As to Autosport – well, unlike the majority of F1 news sites, they send correspondents to all the races, and that has to be paid for somehow, either through ads or subscriptions. Steven makes a valid point about the internet being full of useful motor racing info. However, there’s also plenty of disinformation, often propagated by well-meaning types who just like to have something to talk about. A case in point here is the recent nonsense about Spa being shortened. This caused many people to get their knickers in a twist last week – anyone who’d actually been to Spa could tell you that the prospective shortcut went across a valley!

    SC

  • Hi Stuart, thanks for stopping by.

    Obviously, though, you can’t please all of the people all of the time.

    Of course, nobody should be expected to. I think I’m a part of the majority when it comes to F1.com, but for publications such as F1 Racing, I’m not so sure. Thanks for passing this on though, muchly appreciated.

    there are compelling reasons why F1 Racing’s website is the way it is, and those reasons relate to the terms of our licence with FOM to use the F1 name.

    Ah, that’s interesting. So FOM place restrictions on what can and can’t be done when the F1 name is involved?

    anyone who’d actually been to Spa could tell you that the prospective shortcut went across a valley!

    Hehe, maybe the Spa organisers visited Valencia and decided the future was in bridges! 🙂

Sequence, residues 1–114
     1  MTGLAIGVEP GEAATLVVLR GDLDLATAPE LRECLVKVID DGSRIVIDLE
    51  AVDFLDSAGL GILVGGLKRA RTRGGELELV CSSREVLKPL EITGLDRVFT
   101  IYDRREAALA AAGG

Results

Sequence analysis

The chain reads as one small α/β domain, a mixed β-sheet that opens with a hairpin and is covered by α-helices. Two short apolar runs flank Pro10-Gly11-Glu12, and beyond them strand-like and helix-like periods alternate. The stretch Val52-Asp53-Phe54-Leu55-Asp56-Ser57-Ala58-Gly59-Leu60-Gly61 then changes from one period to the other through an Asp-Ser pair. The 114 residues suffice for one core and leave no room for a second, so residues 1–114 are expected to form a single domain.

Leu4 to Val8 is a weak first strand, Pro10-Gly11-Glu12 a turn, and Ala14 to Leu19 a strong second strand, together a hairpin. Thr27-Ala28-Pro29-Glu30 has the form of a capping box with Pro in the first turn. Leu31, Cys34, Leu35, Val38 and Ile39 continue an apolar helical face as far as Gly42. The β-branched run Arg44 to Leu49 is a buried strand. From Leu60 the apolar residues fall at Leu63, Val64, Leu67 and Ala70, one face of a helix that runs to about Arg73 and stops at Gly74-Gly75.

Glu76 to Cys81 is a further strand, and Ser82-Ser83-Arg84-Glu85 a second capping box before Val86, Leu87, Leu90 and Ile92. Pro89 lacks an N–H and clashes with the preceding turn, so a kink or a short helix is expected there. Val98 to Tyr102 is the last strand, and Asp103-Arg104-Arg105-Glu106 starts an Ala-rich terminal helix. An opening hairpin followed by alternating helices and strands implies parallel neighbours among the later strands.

• there are compelling reasons why F1 Racing’s website is the way it is, and those reasons relate to the terms of our licence with FOM to use the F1 name.

    I know by now nothing Bernie does should surprise me but I am genuinely shocked that you can’t publish a magazine about F1 and use F1 in the name without a license. The fact that the license is then restrictive doesn’t surprise me.

  • I’ve always believed that the internet offers an opportunity to quality printed media, rather than sounding its death bell.

    A good quality book/magazine etc not only gives you a physical copy to read and keep, but can often invest more in rigorous editing and paying talented writers to entertain, inform and provoke thought.

    The blogosphere is full of talented writers willing to do similar for free, but no one person (or small group of people) can give us quite as much good quality content in one place, making the value of printed media in the collection, quality control and professionalism of their content.